Or, to give it its full name, Gandantegchenling Khiid. In Mongolian, Khiid means monastery, and Gandan is the largest and most important in Mongolia. It was moved to its present location in 1838, and grew over the next century to include nine datsans, or institutes, and a library, and it was home to around five thousand monks.
Then came the Soviet purges in 1938. At the time, a full third of the population in Mongolia were monks, and these were slaughtered in their thousands, or else jailed or forced to join the military, a particularly difficult punishment for a monk. The temples and monasteries were largely destroyed, although some survived as museums. Gandan was reduced to four temples, and these were saved by virtue of being converted to homes for Russian officials and stables for their horses.
In 1944, it seems that the Russian government relented a little, as a petition from some surviving monks led to the reopening of the monastery. However, it was under the strict eye of the communist government, and it wasn’t until the democratic revolution in 1990 that the monastery was reopened. It now has ten datsuns, and around 900 monks, largely brought in from outside Mongolia.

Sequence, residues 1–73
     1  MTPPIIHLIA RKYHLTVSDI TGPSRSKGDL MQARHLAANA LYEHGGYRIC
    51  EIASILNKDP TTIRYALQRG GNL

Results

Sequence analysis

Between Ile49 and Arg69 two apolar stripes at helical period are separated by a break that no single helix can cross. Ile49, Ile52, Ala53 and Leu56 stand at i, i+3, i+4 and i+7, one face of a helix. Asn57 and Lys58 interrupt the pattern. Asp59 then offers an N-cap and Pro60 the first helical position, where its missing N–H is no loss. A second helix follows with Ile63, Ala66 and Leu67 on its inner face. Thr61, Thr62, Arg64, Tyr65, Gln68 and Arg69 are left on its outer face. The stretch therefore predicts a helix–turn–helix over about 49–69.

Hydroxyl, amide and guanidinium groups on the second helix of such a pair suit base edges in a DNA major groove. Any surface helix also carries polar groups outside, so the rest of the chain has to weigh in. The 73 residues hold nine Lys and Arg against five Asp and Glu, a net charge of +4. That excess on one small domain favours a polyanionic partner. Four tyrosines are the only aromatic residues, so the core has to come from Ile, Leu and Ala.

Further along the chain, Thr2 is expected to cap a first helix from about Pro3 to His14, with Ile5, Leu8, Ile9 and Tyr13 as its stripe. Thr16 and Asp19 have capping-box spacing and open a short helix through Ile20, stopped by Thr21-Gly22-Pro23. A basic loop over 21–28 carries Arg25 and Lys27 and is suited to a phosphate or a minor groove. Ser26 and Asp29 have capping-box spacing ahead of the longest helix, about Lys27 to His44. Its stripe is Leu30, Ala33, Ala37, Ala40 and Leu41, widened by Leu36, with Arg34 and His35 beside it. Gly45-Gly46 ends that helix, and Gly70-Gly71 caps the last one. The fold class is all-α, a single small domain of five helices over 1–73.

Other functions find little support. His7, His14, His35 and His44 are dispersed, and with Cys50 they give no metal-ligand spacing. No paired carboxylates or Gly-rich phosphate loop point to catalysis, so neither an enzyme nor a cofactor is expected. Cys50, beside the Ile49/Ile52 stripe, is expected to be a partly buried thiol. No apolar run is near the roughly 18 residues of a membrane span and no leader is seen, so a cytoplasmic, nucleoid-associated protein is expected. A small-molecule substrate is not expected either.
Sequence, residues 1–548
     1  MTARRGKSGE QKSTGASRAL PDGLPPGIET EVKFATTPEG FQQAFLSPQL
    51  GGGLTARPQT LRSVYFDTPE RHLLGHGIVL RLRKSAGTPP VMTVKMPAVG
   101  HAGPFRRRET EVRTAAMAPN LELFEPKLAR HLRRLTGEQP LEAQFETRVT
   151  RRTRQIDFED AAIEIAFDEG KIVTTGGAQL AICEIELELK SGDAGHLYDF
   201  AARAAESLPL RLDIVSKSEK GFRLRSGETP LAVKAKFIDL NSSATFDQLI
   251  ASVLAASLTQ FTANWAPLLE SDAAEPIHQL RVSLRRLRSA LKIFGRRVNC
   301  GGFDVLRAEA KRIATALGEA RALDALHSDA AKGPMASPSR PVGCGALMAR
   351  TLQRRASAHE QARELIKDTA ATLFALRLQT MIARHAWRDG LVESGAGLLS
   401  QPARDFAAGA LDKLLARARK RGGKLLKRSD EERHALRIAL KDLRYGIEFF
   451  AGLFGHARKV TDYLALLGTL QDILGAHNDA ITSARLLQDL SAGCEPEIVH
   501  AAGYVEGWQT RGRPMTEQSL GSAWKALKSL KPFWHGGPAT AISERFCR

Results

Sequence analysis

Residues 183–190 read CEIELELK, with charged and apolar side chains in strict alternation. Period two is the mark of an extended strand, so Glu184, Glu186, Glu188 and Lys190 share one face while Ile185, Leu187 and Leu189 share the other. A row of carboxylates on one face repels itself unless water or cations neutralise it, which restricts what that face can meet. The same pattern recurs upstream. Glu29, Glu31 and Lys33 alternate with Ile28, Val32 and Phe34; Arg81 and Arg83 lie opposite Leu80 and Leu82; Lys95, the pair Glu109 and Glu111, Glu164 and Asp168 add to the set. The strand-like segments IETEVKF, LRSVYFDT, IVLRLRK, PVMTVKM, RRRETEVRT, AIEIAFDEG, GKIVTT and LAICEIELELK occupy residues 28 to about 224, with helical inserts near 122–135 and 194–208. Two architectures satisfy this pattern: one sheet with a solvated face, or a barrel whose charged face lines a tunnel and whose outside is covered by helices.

Most of the temples and institutes within the complex were your standard Buddhist fare. They tend to consist of a large, single story, squat building. Inside are rows of benches running front to back, and there is a shrine to Buddha or a Bodhisattva or an otherwise revered person, with offerings of food, drink and small value notes. Incense is burning, and either smells like scented smoke, or an incense that I can’t name, that is sweet, heavily musky and slightly cloying. It’s very peaceful and serene, although this is marred slightly by the large numbers of tourists with me. The different temples are mere variations on a theme. Don’t get me wrong, I’m sure there were important differences, but I think you need to know rather more about Buddhism than I do to fully appreciate them.